Mr 1500 got me thinking about whether college was important to my current life. I think it was extremely important in my particular situation, as I work in an industry where who you know is almost as important as what you know. I work in the information security industry – at one point, I was a white-hat hacker, or “hacker for hire” through a consulting company. Now, I specialize in information security risk evaluation, management and mitigation.
When I went through college, there was no such thing as an information security degree, or information assurance, or whatever the hell they’re calling it these days – the closest thing was CERIAS at Purdue (and when I applied to grad school, it was the only such program in the country – no, I didn’t get accepted). Most of the folks in my field don’t have degrees, or if they do, it might be computer science (or french and biology like some of my co-workers). You don’t learn information security by studying it in school, you learn it by doing. Yes, there is now a lot of theory and research about information assurance and how to prove that something is secure (hint: you can’t), but at the time, it was a just developing field.
I went to one of my state’s universities (Texas A&M) in computer science. At the time, I didn’t know what I wanted to do other than “work with computers”. I actually started as computer engineering, because I liked the hardware aspect of it as well, but I ended up switching to a major in computer science, with a minor in electrical engineering – specializing in digital design (yes, I can design computer chips).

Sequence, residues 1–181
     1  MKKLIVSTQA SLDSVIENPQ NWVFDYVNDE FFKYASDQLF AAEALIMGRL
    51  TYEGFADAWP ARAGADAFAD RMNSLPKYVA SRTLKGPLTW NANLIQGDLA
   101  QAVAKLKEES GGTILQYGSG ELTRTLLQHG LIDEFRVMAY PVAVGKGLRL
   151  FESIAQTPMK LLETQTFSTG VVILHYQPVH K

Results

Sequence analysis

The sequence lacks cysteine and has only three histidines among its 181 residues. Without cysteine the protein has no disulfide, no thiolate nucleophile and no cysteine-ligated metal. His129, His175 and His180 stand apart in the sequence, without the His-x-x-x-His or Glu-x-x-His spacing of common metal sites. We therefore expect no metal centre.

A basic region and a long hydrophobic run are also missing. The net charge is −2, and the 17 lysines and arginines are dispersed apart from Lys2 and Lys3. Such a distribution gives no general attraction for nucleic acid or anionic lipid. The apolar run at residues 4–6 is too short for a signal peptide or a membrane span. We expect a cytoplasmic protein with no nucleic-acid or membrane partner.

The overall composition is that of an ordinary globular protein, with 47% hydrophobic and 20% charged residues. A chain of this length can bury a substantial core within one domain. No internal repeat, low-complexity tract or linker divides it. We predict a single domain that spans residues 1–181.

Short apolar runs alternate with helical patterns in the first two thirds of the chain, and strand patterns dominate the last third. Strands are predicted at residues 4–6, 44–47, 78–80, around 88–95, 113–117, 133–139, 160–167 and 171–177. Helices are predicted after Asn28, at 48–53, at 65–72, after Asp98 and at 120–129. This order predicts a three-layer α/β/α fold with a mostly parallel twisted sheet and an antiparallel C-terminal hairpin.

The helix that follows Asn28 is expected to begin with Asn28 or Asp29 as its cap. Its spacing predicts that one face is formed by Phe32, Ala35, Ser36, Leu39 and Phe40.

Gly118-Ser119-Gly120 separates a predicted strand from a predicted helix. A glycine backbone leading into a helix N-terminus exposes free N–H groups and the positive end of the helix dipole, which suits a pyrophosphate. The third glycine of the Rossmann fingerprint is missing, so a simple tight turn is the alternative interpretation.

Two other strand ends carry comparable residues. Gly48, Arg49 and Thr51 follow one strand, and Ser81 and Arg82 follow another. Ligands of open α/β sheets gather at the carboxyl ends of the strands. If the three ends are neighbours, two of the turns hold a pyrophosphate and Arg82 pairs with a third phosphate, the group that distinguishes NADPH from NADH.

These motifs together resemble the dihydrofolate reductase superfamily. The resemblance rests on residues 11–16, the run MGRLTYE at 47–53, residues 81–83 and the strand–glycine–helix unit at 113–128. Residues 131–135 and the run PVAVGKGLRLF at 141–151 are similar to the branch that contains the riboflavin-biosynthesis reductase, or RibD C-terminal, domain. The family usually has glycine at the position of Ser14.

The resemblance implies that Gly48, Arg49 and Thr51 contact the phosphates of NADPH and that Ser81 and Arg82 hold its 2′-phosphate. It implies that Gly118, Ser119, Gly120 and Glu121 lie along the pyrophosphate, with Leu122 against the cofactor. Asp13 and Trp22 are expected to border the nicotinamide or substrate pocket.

While at A&M, I met people who have gone on to be lifelong friends. I learned what Linux was, and learned how to be a unix administrator (for fun), and through one of my friends, I was able to land a student worker position in one of the departments that used Linux extensively. From there, I was offered full-time employment with the university (as a “Sophomore”), which was helpful to my parents, since two out of however many classes I was taking each semester were free, and I got a significant discount at the bookstore. And this was all because I knew the person who was leaving that position because he was graduating.
When I started applying to graduate schools, I had been working as a systems administrator for 3 years at this point (while in undergrad), and I really wanted to continue along those lines. I enjoyed security, and had worked with the university security department – at the time, Texas A&M was one of the only universities with a campus-wide firewall because of some things that happened in 1992. So, I was looking for something that would help me along those lines. I applied to many graduate schools, including CERIAS at Purdue, the Information Networking Institute at Carnegie Mellon University, U of Maryland, MIT, etc.